Delhi had been exciting but it could never be Port Blair. Delhi was a huge sprawl, soot-laden and suffocating, growing amoeba-like into land that extended infinitely on all sides. Port Blair was still small and compact, easily negotiable, eminently manageable, fresh and airy in a way that only small seaside towns can be. It urged you to breathe deeper and harder. 

Seema knew its little paths and corners better than she knew the lines on her palms. The Mountbatten Cinema with its wooden pillars and old world charm; the saw mill at Chatham where she had become addicted to the smells of freshly sawn timber; Foreshore Road from where ships could be seen entering the harbour as if in a 70 mm wide-screen movie; the marine workshops at Phoenix Bay where history could be held in your hands (her most prized find there was a 1931 lantern from a dismantled ship of German origin); the view of Ross Island from atop Cellular Jail; Japanese World War II bunkers that stood all over like forgotten sentinels; Port Blair’s own Marine Drive that went on and on till it reached Corbyn’s Cove at the other end. 
Homecomings allow an experience of change that is denied to those who never leave. Port Blair had changed significantly in the years Seema was away. It was like a little brat of a city now, discovering simultaneously the pains and the pleasures of growing up, forcing similar discoveries on those who cared for and lived with it; particularly for those who returned. It was far more crowded and chaotic than Seema remembered. There was an increasing restlessness – more vehicles, more speed, more movement, more action, more desire and greater ambition. The nights were longer, the shops bigger, the noises louder and the roads narrower. Garbage now accumulated on street corners and on the roads; dogs had multiplied in direct proportion to the spread of the dirt and filth (Port Blair had seen more cases of dog bites in the last three years than in the preceding thirty); previously unknown entities called beggars and pickpockets had begun plying their trade in the bazaar; street urchins now openly defecated in the overflowing British-era drains and traffic jams were a regular feature in Aberdeen Bazaar. Traffic snarls in Port Blair? Yes, all this and more in just a few years.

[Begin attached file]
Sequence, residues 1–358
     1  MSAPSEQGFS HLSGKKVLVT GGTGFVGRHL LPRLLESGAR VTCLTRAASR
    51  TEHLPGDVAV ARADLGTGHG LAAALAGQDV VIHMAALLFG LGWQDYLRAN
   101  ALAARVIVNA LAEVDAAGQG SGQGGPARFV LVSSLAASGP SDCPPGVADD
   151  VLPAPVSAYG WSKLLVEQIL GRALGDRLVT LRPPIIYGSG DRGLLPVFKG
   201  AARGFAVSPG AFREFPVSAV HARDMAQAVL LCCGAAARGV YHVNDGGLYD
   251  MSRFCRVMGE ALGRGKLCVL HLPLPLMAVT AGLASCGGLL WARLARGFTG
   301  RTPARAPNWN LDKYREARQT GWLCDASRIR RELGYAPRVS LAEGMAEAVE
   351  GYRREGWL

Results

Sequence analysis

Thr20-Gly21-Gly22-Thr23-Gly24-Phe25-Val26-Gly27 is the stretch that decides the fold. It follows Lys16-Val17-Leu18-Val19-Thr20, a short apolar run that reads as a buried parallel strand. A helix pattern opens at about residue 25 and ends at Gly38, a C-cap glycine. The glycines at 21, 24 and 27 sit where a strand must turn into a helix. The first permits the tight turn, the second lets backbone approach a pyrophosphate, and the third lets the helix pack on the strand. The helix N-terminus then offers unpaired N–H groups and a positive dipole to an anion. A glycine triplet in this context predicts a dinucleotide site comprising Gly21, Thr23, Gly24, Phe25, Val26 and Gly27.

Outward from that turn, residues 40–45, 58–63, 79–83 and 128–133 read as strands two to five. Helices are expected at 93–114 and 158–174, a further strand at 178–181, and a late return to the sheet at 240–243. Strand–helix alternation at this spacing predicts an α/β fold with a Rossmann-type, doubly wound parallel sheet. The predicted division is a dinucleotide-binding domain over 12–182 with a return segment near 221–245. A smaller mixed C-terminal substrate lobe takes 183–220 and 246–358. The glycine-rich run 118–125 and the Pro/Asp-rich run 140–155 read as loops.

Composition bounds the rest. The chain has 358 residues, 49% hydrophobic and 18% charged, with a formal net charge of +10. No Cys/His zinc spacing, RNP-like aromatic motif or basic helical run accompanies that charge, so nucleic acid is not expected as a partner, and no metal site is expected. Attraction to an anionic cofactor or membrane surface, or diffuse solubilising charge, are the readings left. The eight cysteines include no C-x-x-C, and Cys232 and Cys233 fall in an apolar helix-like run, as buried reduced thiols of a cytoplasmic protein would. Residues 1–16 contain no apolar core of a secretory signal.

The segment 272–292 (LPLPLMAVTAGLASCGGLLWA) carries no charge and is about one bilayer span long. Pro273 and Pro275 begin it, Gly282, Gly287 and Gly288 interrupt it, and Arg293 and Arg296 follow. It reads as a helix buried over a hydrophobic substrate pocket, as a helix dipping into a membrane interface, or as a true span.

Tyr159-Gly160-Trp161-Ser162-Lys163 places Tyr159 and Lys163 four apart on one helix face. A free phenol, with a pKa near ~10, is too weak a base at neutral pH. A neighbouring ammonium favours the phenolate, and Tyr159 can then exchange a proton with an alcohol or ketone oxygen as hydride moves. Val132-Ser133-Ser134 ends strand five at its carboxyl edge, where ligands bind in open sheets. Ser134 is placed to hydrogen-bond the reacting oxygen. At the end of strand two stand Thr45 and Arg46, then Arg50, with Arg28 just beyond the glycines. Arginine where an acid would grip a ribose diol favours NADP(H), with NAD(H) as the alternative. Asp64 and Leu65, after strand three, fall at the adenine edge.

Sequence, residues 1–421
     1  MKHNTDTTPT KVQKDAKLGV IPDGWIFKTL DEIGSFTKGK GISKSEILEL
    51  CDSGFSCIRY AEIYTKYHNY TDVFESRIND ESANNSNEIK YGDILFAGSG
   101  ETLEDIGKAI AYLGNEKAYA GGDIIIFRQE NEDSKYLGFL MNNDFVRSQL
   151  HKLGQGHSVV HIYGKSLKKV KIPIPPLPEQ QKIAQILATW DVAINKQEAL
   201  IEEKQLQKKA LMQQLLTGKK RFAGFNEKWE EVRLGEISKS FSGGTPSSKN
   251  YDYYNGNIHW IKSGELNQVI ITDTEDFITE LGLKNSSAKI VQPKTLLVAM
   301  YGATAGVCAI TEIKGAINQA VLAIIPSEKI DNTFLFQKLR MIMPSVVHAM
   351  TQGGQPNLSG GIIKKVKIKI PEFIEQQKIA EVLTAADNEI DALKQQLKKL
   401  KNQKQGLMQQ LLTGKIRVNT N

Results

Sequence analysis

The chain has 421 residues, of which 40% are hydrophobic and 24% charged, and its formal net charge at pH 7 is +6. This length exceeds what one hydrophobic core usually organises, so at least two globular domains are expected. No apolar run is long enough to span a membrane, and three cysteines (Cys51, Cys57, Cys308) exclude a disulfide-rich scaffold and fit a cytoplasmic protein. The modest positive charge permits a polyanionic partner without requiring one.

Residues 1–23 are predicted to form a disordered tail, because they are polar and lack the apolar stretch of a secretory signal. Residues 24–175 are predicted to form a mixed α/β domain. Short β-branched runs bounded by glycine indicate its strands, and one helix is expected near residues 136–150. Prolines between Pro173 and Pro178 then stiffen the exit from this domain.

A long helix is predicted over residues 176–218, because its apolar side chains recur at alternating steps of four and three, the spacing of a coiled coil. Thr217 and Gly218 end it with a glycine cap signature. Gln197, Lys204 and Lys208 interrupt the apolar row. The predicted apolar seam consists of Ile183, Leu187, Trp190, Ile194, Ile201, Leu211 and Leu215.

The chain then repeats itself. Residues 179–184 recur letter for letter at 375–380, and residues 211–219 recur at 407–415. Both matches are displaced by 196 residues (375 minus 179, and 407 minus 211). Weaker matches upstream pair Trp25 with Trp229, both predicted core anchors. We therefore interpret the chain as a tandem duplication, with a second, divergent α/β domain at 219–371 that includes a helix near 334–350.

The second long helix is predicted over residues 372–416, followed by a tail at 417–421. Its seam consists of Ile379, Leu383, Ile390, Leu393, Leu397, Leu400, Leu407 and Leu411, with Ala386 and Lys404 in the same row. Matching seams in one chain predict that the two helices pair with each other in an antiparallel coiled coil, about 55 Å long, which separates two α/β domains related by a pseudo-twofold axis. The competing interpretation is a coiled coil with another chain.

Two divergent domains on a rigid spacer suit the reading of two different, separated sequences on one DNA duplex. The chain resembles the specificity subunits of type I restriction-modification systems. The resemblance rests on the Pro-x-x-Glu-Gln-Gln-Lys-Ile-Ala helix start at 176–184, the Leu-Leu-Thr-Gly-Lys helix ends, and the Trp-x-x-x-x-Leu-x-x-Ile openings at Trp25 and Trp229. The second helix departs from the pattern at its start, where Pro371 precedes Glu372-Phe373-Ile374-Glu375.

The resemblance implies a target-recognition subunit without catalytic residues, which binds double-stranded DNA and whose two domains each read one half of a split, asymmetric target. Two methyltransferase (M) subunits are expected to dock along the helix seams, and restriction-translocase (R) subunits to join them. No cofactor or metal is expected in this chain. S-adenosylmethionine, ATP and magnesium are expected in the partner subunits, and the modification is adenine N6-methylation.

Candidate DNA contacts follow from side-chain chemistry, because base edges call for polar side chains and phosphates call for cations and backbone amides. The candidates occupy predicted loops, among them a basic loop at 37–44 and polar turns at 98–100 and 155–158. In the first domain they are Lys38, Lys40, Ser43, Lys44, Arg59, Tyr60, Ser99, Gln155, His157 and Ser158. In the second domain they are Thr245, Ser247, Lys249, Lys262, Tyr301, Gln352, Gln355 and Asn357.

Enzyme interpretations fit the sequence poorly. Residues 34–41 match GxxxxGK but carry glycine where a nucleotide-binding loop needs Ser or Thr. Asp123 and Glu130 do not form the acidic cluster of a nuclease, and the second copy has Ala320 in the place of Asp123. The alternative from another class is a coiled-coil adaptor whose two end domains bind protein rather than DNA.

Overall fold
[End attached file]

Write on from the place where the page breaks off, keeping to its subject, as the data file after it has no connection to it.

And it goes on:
Old wooden Mountbatten Cinema was about to go and a steel and glass structure of a shopping mall was to come up in its place. The old wooden State Secretariat had gone too; everything was being replaced by monsters of the modern age, concrete replacing timber with a rapidity that would soon send termites out of business...

 Cellular Jail, Port Blair

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Monday, November 10, 2014

'The Southernmost General Store of India' in The Last Wave - an island novel

 THE LAST WAVE - An Island Novel

Chapter 22
Nesting Turtles  
Pg 249-250

MV Chowra docked at Campbell Bay, the administrative headquarters of Great Nicobar Island late on Christmas evening. The Range Forest Officer, Mr Das, was waiting for Harish and Seema at the jetty and they set off straightaway for the turtle camp at Galathea Bay forty kilometres away. The road hugged the coast for the most part, riding over muddy brown creeks, cutting through coconut plantations rich with large fruit, and past settlements with large houses made of timber and corrugated tin sheeting. Shastrinagar at the 35 kilometres mark was the last settlement along this road, and it was just as they passed the last house here that Das slowed his vehicle, pulled aside and stopped by a small shop with a huge areca plantation behind it. Potatoes, onions, biscuits packets, slippers, towels, coconuts, packets of grain and spices, all lay together in the few shelves on display in the front. The shop was dimly lit and rather empty otherwise. A kerosene stove buzzed incessantly outside and a small kettle hissed vapour in an unintended duet. The only exceptional feature of the shop was its name, which seemed to have been freshly painted on a big board by the roadside:

Southern Most General Store of India
(6½°N Latitude)
Shastrinagar, 35 kms, Great Nicobar Is.
Proprietor – Balbir Singh

This was an accurate rendering of the shop’s geography; nothing indeed lay beyond Balbir Singh’s little entrepreneurial venture. Everyone who came here for the first time found this amusing and Seema smiled too as she saw the Board. For researchers going into the wilderness beyond, this was the last outpost of modern life.

Harish had been here a few months ago, and immediately recognised the old man sitting on a stool by the stove—the seventy-year-old proprietor with a long, flowing silver beard. He said a polite namaste, and sat down on the bench. The old man appeared to recognize Harish too, and returned his greeting with a pleasant smile.

‘Can we have some tea, Sardarji?’ Das called out from his vehicle, ‘and Harish,’ he continued, ‘please pick up the provisions that you want. You know you won’t get much at the camp. I think you should take some basic stuff—rice, dal, sugar, tea, pickle, some potatoes, onions and maybe...’ he scanned the shelves to see if he could find something interesting, ‘yes, take that tin of Haldiram’s rasogollas, but first check how old it is.’